ANIME & MANGA - Review
15:00 - 5th April 2013, by John Turner

Pet Shop of Horrors

Pet Shop of Horrors began life as a manga series by Matsuri Akino (who also penned Genju no Seiza), and has gained a cult following thanks to its horror theme. As such, this four-part OVA has some real appeal for a niche market of manga fans. The elaborate shoujo style of the title will no doubt win it some attention from those most accustomed to fawning after the work of manga powerhouse CLAMP, but anyone who has a soft spot for supernatural anime or manga should check this out.

It's a saving grace for this title that there are only four episodes on offer here, as the plot setup feels rather repetitive, even in this short duration. The mysterious Count D, relaxing in his impossibly opulent pet shop in Chinatown, offers the comfort of some rare and exotic animal to grieving families and individuals, who have lost a loved one. The creature bears a striking resemblance to their lost love, despite the Count insisting that it's a rabbit, or a giant fish, or a lizard. They take it home, under strict instructions from the Count to ensure its safe keeping with some relatively simple rules, that they invariably break with horrendous consequences. It's only in the last episode, Dual, that the formula breaks up slightly, as Count D's customers require a creature to help them obtain power, rather than to restore someone they love.

All of the stories are inescapably touched with a particular brand of exaggeration that we can only label as slightly kitsch and camp - with the first episode being a particular example. Two doting parents lose their angelic-looking daughter, Alice, and turn to the Count for a replacement, which he provides in the shape of a rabbit that's the spit of her. Warned not to feed her anything but vegetables and water, the parents nevertheless feed their new pet with junk food. Pretty soon, Alice is giving explosive birth to hordes of evil rabbits, who are intent on eating human flesh... And to think, all this started because Alice's parents just didn't know when to say no to drugs - quite literally. This type of melodrama feels dated now, and the moral lessons on offer are laboured, but even this heavy-handedness has some retro-charm when taken with a very large pinch of salt. Woven into the narrative is a cop called Leon, who is investigating a series of strange deaths that he's tracked back to the mysterious Count D. He provides some clumsy humour and a much needed narrative link between each story.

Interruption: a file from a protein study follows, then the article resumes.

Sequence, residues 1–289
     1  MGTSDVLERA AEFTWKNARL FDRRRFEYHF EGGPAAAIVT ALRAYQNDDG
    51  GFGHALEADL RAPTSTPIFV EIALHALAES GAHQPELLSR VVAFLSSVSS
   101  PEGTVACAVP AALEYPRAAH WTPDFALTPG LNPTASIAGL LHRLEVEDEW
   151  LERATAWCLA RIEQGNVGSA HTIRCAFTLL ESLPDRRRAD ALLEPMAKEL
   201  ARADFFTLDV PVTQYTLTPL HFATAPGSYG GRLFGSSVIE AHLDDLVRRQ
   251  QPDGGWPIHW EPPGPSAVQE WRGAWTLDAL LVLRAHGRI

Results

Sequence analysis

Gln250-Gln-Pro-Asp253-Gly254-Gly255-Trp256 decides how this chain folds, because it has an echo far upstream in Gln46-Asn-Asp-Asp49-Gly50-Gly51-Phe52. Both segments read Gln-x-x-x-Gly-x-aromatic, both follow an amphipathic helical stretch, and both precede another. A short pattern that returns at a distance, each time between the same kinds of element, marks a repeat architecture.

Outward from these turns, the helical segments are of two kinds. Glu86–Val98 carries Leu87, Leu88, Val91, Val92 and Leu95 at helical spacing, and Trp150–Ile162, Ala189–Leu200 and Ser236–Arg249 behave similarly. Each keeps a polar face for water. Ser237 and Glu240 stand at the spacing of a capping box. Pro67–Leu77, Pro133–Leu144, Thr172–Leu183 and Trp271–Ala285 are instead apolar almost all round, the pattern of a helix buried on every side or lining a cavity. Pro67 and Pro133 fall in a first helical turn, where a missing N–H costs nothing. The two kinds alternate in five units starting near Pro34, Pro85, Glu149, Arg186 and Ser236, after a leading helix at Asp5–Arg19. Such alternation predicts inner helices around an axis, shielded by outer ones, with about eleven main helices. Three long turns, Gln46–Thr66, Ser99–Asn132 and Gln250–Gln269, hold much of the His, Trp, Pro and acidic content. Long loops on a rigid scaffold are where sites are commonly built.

While the repetitive storylines and themes are just about kept in check by the short length of the series, much more glaring a fault is the truly terrible animation, which sees static shots used whilst characters are clearly talking, reused sequences, and poor character modelling. The animation morphs into goofy slapstick the likes of which is hugely reminiscent of '90s cartoons from the US, which is slightly disconcerting. On the up side, the American voice acting is actually pretty good here, with the exception of the Count's very dodgy faux-Chinese accent...

Pet Shop of Horrors is perfect as 90 minutes of campy horror, and we're glad that the concept wasn't laboured with more instalments - there's just about enough here to satisfy supernatural cravings without the formula becoming too stale.

Camp, retro, and also surprisingly creepy in places, Pet Shop of Horrors is supernatural fun that doesn't outstay its welcome.
SCORE: 3.5/5
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